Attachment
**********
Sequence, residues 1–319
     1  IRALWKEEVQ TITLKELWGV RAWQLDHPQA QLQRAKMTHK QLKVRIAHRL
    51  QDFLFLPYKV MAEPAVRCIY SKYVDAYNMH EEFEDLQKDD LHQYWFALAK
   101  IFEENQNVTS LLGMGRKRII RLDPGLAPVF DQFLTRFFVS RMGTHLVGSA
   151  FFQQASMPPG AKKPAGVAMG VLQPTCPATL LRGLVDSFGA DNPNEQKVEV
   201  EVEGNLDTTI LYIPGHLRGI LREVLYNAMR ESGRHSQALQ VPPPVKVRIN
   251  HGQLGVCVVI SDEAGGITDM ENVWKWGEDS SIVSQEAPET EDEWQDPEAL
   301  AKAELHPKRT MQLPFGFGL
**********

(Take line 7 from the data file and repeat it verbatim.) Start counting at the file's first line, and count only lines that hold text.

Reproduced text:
   251  HGQLGVCVVI SDEAGGITDM ENVWKWGEDS SIVSQEAPET EDEWQDPEAL